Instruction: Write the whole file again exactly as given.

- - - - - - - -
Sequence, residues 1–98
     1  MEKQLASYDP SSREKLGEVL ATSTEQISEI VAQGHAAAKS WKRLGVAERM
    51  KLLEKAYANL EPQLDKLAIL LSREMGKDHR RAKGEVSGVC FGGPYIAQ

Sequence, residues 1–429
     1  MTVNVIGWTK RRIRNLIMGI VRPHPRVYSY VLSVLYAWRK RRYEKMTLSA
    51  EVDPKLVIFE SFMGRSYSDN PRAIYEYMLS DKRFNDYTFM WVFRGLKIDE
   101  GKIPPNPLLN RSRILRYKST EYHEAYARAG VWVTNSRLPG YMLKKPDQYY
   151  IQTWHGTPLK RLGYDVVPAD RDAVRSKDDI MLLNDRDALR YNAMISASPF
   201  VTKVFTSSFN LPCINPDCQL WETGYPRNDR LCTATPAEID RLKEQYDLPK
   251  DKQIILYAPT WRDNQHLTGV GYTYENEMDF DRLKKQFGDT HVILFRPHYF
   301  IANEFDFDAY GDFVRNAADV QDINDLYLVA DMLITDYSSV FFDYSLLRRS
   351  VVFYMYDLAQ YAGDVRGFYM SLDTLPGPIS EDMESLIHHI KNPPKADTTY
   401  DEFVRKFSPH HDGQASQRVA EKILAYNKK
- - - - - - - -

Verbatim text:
Sequence, residues 1–98
     1  MEKQLASYDP SSREKLGEVL ATSTEQISEI VAQGHAAAKS WKRLGVAERM
    51  KLLEKAYANL EPQLDKLAIL LSREMGKDHR RAKGEVSGVC FGGPYIAQ

Sequence, residues 1–429
     1  MTVNVIGWTK RRIRNLIMGI VRPHPRVYSY VLSVLYAWRK RRYEKMTLSA
    51  EVDPKLVIFE SFMGRSYSDN PRAIYEYMLS DKRFNDYTFM WVFRGLKIDE
   101  GKIPPNPLLN RSRILRYKST EYHEAYARAG VWVTNSRLPG YMLKKPDQYY
   151  IQTWHGTPLK RLGYDVVPAD RDAVRSKDDI MLLNDRDALR YNAMISASPF
   201  VTKVFTSSFN LPCINPDCQL WETGYPRNDR LCTATPAEID RLKEQYDLPK
   251  DKQIILYAPT WRDNQHLTGV GYTYENEMDF DRLKKQFGDT HVILFRPHYF
   301  IANEFDFDAY GDFVRNAADV QDINDLYLVA DMLITDYSSV FFDYSLLRRS
   351  VVFYMYDLAQ YAGDVRGFYM SLDTLPGPIS EDMESLIHHI KNPPKADTTY
   401  DEFVRKFSPH HDGQASQRVA EKILAYNKK